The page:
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Old 10-13-2013, 02:56 PM
Status: "Be yourself. What's the alternative?" (set 15 days ago)
 
8,675 posts, read 10,831,402 times
Reputation: 12722

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Orlando!
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Old 10-13-2013, 03:29 PM
 
Location: North Idaho
22,653 posts, read 28,660,433 times
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Cheap candy bars or expensive candy bars? Good candy will sell anywhere, but for expensive candy, you need a place with high disposable income.

If it is a luxury product, then a tourist area would be good. People indulge themselves while on vacation.

I suspect that the people who eat high volumes of candy are buying relatively inexpensive candy in large bags. Hand made candy is a different market. So fat people are not necessarily going to be your target market.
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Old 10-13-2013, 03:31 PM
 
4,668 posts, read 6,110,144 times
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A tourist area is the only area it would work. Who goes to a candy store in their daily life?

A candy store is a pretty horrible idea in general unless it's a seasonal store like the ones you see in Bar Harbor, Maine type places.
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Old 10-13-2013, 03:52 PM
Status: "could've~would've~should've used 'have', not 'of'" (set 15 days ago)
 
Location: A Yankee in northeast TN
10,452 posts, read 14,303,163 times
Reputation: 23172
Quote:
Originally Posted by Dport7674 View Post
Who goes to a candy store in their daily life?
Boyfriends, husbands, dinner guests, employers, people visiting loved ones in nursing homes, a small box of chocolate for your mom or your best friend just because?
For many years at Easter I would buy my kids a sugar egg from the candy store, truffles for Christmas stockings and chocolate dipped fruit for the first outdoor concert of the year, yummmm.
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Old 10-13-2013, 04:27 PM
 
56,511 posts, read 80,824,285 times
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Skaneateles, Cazenovia, Clinton, Ithaca, Lewiston, Saratoga Springs and Pittsford, among others in NY, could work.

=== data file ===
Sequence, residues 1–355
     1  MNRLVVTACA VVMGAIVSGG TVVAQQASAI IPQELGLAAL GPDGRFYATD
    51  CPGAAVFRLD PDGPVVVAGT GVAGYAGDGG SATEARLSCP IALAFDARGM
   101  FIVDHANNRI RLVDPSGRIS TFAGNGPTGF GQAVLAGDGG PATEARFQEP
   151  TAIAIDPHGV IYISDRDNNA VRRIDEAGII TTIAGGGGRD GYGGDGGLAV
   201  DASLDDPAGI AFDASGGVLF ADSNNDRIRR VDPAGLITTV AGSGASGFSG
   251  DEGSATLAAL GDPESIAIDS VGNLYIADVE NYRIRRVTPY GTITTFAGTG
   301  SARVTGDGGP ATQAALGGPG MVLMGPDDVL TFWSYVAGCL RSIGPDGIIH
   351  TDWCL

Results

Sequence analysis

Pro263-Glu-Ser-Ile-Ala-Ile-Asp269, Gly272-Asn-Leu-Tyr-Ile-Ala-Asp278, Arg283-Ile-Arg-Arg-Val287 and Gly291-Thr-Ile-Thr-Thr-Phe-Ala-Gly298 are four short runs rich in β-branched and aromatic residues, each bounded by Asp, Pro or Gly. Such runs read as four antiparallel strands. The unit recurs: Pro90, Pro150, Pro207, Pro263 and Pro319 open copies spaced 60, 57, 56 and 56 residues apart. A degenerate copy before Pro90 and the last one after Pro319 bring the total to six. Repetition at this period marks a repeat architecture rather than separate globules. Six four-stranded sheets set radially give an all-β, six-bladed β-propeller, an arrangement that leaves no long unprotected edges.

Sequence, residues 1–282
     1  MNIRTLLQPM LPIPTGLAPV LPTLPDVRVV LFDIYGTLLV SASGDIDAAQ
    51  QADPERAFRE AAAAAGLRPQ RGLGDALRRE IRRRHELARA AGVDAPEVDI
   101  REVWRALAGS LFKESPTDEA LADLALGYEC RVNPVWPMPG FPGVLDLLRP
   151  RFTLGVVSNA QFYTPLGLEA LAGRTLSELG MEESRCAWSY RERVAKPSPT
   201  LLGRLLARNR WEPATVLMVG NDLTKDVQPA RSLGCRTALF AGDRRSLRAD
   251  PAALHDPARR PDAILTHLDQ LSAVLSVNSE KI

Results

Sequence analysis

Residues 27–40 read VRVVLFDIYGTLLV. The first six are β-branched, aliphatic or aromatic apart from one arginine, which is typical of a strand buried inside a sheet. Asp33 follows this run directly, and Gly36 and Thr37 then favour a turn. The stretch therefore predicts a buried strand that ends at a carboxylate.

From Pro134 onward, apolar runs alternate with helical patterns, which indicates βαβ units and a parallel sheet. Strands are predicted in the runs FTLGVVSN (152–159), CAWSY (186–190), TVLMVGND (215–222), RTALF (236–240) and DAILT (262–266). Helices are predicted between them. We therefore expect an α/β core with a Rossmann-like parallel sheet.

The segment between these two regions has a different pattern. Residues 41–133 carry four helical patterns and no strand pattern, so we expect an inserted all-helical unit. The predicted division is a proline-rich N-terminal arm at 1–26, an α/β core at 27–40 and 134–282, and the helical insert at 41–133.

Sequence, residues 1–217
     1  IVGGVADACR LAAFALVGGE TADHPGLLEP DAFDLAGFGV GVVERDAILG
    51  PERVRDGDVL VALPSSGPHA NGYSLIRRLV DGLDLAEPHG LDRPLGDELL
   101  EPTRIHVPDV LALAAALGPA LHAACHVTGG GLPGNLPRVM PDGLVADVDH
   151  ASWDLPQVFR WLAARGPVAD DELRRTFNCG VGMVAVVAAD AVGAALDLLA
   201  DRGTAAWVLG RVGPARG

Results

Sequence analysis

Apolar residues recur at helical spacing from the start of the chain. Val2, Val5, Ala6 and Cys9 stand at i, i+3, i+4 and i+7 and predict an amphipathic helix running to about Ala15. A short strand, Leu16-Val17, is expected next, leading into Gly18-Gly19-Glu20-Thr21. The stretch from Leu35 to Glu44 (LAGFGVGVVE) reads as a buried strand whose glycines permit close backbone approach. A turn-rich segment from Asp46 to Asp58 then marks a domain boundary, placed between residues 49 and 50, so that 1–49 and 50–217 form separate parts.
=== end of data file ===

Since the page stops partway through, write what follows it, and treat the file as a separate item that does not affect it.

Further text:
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Old 10-13-2013, 06:34 PM
 
Location: San Francisco Bay Area
226 posts, read 361,768 times
Reputation: 129
Dallas, Texas
-The Plaza at Preston
-Galleria Dallas
-Uptown Dallas
-Bishop Arts

San Francisco, California
-Haight Street
-Fillmore Street
-Union Square
-Market
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Old 10-13-2013, 07:25 PM
 
4,668 posts, read 6,110,144 times
Reputation: 5829
Quote:
Originally Posted by DubbleT View Post
Boyfriends, husbands, dinner guests, employers, people visiting loved ones in nursing homes, a small box of chocolate for your mom or your best friend just because?
For many years at Easter I would buy my kids a sugar egg from the candy store, truffles for Christmas stockings and chocolate dipped fruit for the first outdoor concert of the year, yummmm.


Sounds promising on paper..A bakery and a butcher shop sound good on paper too.

Except most husbands and boyfriends buy their boxes of chocolates at grocery stores/walmart along with their steaks and birthday cakes. And a vast majority of bakeries, butchers and candy shops go out of business.

Can't count on customers who only buy something on Easter and Christmas.
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Old 10-13-2013, 07:37 PM
 
Location: SLC, UT
1,571 posts, read 2,284,055 times
Reputation: 3848
Quote:
Originally Posted by Dport7674 View Post
Sounds promising on paper..A bakery and a butcher shop sound good on paper too.

Except most husbands and boyfriends buy their boxes of chocolates at grocery stores/walmart along with their steaks and birthday cakes. And a vast majority of bakeries, butchers and candy shops go out of business.